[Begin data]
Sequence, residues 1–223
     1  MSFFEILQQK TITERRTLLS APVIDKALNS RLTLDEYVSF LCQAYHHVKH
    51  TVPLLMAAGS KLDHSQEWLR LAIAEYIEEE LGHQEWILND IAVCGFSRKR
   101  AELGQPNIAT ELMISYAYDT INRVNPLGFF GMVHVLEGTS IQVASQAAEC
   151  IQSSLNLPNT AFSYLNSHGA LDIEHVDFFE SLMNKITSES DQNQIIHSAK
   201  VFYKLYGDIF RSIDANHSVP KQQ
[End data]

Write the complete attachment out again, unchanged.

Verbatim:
Sequence, residues 1–223
     1  MSFFEILQQK TITERRTLLS APVIDKALNS RLTLDEYVSF LCQAYHHVKH
    51  TVPLLMAAGS KLDHSQEWLR LAIAEYIEEE LGHQEWILND IAVCGFSRKR
   101  AELGQPNIAT ELMISYAYDT INRVNPLGFF GMVHVLEGTS IQVASQAAEC
   151  IQSSLNLPNT AFSYLNSHGA LDIEHVDFFE SLMNKITSES DQNQIIHSAK
   201  VFYKLYGDIF RSIDANHSVP KQQ